Mexico’s drug war is no laughing matter.
But the methods drug smugglers use to get their illicit goods north of the border can be humorous.
He speaks to anchor Marco Werman about his report.
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Marco Werman: Mexico’s drug war is a deadly serious matter. Some 60,000 people have been killed there over the past six years. And the drugs keep flowing north by any means the cartels can think of. We definitely don’t want to make light of the violence and suffering the drug war causes, but some of the methods drug smugglers use to get their illicit goods north of the border can be kind of humorous.
The New Yorker’s Patrick Radden Keefe documents the most outlandish stories from the Mexican drug war in a new article. He joins me on the line from Washington.
You talk about the inherent looniness of the drug war in Mexico; give us a prime example of just how strange a story can get.
Patrick Radden Keefe: Well, some of it is just that you get this ‘Tom & Jerry’ type game between the smugglers and the authorities where the authorities will do something to stop the drugs from coming across the border, and the smugglers will kind of try anything once. So one example, and there’s a great image of this, is that they erected a border fence down in Arizona outside Yuma to try and stop smugglers from coming across, and what the smugglers did was they actually built ramps up one side of the fence and down the other, and tried to drive a Jeep right over, full of drugs. The problem is, the Jeep got stuck at the top. So they abandoned it; you had this kind of amazing image of a Jeep sitting on top of this border fence.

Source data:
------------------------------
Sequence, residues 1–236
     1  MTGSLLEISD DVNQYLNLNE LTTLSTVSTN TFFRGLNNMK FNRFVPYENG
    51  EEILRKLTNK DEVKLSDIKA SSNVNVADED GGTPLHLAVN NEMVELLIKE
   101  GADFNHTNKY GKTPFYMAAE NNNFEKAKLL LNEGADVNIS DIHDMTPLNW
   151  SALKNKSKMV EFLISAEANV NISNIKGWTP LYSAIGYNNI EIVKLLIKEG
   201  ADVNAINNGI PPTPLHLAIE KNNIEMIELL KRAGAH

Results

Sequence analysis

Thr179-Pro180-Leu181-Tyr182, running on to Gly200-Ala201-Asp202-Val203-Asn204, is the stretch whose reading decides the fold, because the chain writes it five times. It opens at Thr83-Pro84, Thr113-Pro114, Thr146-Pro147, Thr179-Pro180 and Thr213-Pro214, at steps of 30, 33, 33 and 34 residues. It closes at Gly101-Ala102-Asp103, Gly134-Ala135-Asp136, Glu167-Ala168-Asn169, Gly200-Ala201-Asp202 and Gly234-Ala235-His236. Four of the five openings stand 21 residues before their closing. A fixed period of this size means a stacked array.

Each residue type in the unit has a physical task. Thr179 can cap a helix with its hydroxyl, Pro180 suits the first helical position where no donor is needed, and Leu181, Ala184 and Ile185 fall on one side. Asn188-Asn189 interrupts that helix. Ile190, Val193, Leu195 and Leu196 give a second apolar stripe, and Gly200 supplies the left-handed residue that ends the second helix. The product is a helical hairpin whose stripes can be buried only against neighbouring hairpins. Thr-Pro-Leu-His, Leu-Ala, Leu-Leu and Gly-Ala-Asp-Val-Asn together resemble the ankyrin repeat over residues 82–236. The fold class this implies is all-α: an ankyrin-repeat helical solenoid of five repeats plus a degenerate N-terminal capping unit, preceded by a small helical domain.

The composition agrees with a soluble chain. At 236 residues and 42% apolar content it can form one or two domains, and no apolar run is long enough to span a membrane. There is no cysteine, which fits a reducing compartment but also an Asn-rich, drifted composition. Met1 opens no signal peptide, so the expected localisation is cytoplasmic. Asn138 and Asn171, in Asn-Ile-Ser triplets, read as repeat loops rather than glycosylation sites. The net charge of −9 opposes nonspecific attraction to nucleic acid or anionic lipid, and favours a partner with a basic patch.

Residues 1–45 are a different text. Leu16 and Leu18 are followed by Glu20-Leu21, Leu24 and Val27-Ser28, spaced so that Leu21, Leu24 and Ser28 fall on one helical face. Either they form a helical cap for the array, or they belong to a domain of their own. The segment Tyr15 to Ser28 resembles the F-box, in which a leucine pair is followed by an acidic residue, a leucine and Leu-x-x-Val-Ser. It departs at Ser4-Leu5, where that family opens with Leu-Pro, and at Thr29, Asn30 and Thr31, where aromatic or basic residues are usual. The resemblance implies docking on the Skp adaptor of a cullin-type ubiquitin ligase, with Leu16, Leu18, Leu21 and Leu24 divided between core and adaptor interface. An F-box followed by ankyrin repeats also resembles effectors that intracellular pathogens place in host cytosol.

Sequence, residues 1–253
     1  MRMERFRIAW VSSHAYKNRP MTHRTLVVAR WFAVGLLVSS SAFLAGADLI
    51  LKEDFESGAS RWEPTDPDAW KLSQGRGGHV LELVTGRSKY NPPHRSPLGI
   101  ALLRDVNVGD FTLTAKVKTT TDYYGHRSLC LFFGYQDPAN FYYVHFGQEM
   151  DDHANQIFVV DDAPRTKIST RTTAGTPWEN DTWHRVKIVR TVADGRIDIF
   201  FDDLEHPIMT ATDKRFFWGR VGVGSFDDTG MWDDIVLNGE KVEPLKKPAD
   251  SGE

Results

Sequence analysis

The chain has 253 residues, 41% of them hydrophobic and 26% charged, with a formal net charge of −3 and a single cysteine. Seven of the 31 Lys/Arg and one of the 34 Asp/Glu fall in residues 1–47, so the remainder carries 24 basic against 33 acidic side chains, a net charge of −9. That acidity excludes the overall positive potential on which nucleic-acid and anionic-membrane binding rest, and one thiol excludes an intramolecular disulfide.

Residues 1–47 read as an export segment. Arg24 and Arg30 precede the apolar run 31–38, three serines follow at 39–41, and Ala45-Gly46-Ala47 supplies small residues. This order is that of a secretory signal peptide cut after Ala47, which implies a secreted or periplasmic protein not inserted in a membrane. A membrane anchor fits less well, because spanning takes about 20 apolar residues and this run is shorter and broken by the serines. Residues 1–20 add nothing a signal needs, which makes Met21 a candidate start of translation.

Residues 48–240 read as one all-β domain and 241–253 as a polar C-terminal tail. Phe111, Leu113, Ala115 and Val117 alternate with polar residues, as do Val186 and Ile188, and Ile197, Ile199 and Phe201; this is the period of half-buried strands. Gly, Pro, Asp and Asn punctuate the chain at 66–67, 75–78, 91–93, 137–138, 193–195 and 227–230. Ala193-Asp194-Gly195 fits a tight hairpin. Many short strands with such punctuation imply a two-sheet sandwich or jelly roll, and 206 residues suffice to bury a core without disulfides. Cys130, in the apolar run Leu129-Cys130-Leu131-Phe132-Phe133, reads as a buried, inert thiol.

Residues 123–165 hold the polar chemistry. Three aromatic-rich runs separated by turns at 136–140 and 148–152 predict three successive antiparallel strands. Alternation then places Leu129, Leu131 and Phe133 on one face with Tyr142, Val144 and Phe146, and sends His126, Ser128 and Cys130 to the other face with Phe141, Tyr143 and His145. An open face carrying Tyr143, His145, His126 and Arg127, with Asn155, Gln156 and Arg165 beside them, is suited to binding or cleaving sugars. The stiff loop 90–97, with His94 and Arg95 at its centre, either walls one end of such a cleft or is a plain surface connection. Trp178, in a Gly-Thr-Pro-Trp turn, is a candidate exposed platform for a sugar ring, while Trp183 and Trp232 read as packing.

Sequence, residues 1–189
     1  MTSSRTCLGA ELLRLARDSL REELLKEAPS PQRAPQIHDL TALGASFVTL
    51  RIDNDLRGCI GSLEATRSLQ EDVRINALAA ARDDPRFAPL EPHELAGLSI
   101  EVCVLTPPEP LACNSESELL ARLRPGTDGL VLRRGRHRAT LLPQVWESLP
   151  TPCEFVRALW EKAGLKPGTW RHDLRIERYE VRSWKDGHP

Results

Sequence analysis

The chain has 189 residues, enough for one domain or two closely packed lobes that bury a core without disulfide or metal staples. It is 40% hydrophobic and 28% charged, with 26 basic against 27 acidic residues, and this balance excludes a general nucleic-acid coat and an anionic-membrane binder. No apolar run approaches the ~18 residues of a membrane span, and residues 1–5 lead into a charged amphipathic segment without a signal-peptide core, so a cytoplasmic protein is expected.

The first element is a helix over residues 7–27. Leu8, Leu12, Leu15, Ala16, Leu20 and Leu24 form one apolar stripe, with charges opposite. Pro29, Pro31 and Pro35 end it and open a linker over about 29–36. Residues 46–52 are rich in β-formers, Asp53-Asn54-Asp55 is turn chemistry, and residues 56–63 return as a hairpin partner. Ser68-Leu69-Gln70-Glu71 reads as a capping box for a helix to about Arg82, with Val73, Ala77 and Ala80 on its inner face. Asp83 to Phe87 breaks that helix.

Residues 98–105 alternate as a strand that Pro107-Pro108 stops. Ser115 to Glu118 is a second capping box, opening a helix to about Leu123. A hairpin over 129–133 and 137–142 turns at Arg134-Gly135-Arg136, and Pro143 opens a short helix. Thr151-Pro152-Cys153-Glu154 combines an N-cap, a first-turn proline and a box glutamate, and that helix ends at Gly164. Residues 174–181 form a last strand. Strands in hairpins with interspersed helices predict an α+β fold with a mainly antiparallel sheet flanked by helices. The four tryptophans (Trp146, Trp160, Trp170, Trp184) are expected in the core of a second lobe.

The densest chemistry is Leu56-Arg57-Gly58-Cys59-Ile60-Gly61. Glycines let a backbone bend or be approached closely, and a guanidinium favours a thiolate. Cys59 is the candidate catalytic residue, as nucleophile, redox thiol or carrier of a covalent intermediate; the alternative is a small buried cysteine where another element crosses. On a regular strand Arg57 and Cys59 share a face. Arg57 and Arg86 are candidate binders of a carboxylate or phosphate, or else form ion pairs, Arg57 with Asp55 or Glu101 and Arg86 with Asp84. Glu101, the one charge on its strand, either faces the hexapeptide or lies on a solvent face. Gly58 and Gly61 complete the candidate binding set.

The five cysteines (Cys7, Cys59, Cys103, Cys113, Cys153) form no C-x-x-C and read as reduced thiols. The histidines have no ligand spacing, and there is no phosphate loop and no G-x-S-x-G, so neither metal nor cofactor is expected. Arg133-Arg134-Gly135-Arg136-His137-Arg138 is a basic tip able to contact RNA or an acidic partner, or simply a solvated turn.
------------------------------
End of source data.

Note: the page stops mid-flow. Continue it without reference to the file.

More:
Werman: It starts to get surreal, some of this stuff. You document stories about drug cartels funding productions of religious films here in the US about the Knights Templar getting involved, about laundering money through race horses. Who comes up with this stuff?
Keefe: Well they’re really creative. I mean, we don’t know exactly the size of the drug trade between Mexico and the United States, but the low estimate is that it’s 6 to 7 billion dollars a year, and the high estimates are 39 or 40 billion dollars a year. So you can imagine there’s a lot of incentive for people to be creative. The ingenuity on the part of some of these smugglers is pretty astonishing.
Werman: Yeah, so there’s one story you tell about a parking spot in Nogales, Arizona.
Keefe: Yeah, I think of this as the most valuable parking spot in America. There was this one parking spot kind of close to the border, and what would happen is from time to time a van would come and pull into this space and there was actually a hole in the ground underneath that had been very cleverly camouflaged. And there was a concrete plug that was held in place by a hydraulic jack; so that would lower. There would be a hole in the bottom of the van, and it turns out that this was actually a tunnel that ran right underneath the border. And so in about 45 minutes, the smugglers could hand-over-hand just feed packages of marijuana into the van; it was about a million dollars worth they could do in about 45 minutes. And then the van would drive off, the plug would be put back in place, the next person would pull into the spot, and nobody was any the wiser.